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An interpreter of Maya culture
Harri Kettunen’s discoveries include a hitherto unknown Maya city. The best ideas come to him at four in the morning, studying hieroglyphs at home in Virenoja.

Jani Saxell

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Harri Kettunen, who last December defended his doctoral dissertation on Maya art and hieroglyphs, is very much at home in the Didrichsen Art and Cultural Museum in Helsinki’s Kuusisaari. The museum displays discoveries by the renowned archaeologist Arthur Demarest from the excavations at Cancuen in Guatemala. Kettunen shows me obsidian knives, jadeite earrings and stucco statues that guarded a Maya palace. He stops to interpret the hieroglyphs on a magnificent stone panel and comments on a slight error in the Finnish translation.

Kettunen was not involved in Demarest’s research project before the exhibition came to Finland, but he has visited Belize, Guatemala, Honduras and Southern Mexico a dozen times.

“I am trained in Maya art and writing system, not in archaeology,” Kettunen explains. The ‘armchair archaeologist’ has, however, spent four summers at excavations in Belize. He does not have any colleagues in Finland, and only one in each Nordic country. His research from his home in Orimattila’s Virenoja, a village approximately 90 kilometres from Helsinki, is made easier by his daily routine. He can contact his colleagues in Central and North America in real time by e-mail in the small hours. That is the time when his brainwaves on the interpretation of hieroglyphs come to him.

From stargazers to warriors

Popular literature and school textbooks still cherish the image of the Maya as a people ruled by a stargazing priest class, giving rise to a peaceful civilisation. Scientific study has turned this idealised image on its head in many ways in the past few decades.

“The Maya are the only pre-Columbian culture whose texts have been preserved up to our time in the thousands. They reveal the Maya to have been a people like all others. In the 7th and 8th centuries AD, the area was the most populous in the world and the city-states waged wars against each other,” says Kettunen.

Kettunen explains that there are quite human reasons why the idealised image of the Maya arose. An early authority on Maya studies, the British archaeologist Eric Thompson had experienced two world wars. “He wanted to believe that the world had had at least one peaceful civilisation.”

Revolutions in the image of the Maya are sure to come for quite a long time. New information is gained almost daily as it is estimated that a mere 5 per cent of Maya cities have been scientifically studied. “The downside is that grave robbers have penetrated far more sites. The artefacts are in private collections or museums,” says Kettunen.

Grave robbers and archaeologists

The Spanish conquistadores did not vanquish the last Maya stronghold until 1697. Today, there are approximately five million Maya descendants in Central America, speaking 31 different languages. Latin America is seeing a revival of native cultures and a heightening of their self-esteem. This is also reflected in Maya studies, says Kettunen. “In the past, it was Guatemalan government policy that the modern Maya should not know too much about their history. Today, however, the people are interested in their roots, and even small children are given courses in hieroglyphic writing.”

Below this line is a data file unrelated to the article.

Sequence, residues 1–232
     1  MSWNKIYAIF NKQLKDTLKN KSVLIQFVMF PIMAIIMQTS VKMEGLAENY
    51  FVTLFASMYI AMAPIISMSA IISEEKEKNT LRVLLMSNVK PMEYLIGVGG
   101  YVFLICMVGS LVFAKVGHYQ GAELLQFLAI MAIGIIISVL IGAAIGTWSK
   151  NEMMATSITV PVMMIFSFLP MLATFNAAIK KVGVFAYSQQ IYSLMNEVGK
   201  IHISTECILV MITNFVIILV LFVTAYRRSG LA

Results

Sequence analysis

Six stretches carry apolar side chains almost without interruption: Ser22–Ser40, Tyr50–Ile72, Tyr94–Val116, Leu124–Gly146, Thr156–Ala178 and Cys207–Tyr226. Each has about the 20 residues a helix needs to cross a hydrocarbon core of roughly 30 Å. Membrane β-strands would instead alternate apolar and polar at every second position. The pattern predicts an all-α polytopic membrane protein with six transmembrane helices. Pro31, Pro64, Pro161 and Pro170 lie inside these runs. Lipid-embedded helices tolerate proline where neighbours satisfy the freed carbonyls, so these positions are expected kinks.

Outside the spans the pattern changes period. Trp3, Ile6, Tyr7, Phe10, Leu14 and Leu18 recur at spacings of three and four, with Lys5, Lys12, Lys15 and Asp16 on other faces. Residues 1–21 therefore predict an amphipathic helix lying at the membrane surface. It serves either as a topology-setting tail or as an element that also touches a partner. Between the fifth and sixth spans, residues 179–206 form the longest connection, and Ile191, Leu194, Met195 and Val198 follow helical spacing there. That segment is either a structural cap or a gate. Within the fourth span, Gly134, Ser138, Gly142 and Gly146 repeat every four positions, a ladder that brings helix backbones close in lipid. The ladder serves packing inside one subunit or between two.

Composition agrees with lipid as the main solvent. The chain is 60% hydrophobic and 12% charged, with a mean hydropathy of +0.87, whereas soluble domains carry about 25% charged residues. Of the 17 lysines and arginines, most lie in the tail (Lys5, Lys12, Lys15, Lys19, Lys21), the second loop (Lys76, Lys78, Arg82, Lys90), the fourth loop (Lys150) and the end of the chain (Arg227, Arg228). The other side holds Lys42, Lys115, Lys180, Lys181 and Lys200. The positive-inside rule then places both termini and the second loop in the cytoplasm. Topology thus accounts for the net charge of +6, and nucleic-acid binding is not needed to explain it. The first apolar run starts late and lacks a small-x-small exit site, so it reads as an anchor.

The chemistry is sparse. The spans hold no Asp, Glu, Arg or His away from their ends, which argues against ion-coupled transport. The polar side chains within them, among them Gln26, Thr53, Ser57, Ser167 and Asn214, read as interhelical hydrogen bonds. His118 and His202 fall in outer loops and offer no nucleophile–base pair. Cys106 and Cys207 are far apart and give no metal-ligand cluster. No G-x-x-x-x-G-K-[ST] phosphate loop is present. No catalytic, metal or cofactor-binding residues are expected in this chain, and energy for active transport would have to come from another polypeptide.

When Kettunen began to study Maya culture in the early 1990s, he only had a handful of colleagues with a Maya background. Today, he meets them continually at conferences. On the other hand, poverty and underdevelopment cause many modern Maya to be indifferent to their heritage. Kettunen tells us how he has spoken with local Belize people who do not make much of a distinction between grave robbers and archaeologists. “Archaeologists take the artefacts and objects to vaults and museums, away from the country in the worst cases. At least some of the profits of grave robbers stay in the country to benefit the local community.”

The time for the Indiana Joneses is over

Kettunen is strongly in favour of the type of archaeology carried out by Demarest. It educates local people to foster their own cultural heritage and takes into consideration the ecological and social consequences of archaeological excavations and tourism. A recent doctoral graduate and a down-to-earth person, Kettunen wants to dispel the Indiana Jones romanticism surrounding

archaeological fieldwork. “More than 90 per cent of archaeology consists of rather boring archiving or washing shards of pottery with a toothbrush. It is very seldom that we find objects that are completely intact.”

Once, thanks to the clearing of a maize field, Kettunen, along with his colleagues, discovered a Maya city hitherto unknown to the scientific world. “A lump of rock was caught in the plough of Mennonite farmers. The site revealed the

centre of a city with its temples, and 50 mounds, which were the remains of buildings – that is, a medium-sized Maya city.”

Belize is a place where one better beware of grave robbers and drug dealers. Most jungle animals shrink away from human sounds but fer-de-lance vipers are interested in archaeologists. “The worst I have experienced was being bitten by a venomous spider. Fortunately, local herbal medi-cine cures are available. That is a kind of know-how that should be kept alive.”

Kettunen wants to continue his research and teaching in Finland. “I am not too keen on taking two young children to the other side of the world. Also, if I leave, I take the entire study of pre-Columbian Maya culture in the country with me. I would like to have sufficient students to ensure the continuity of the field in Finland.”

Harri Kettunen: Nasal Motifs in Maya Iconography.

Back to summer issue 2006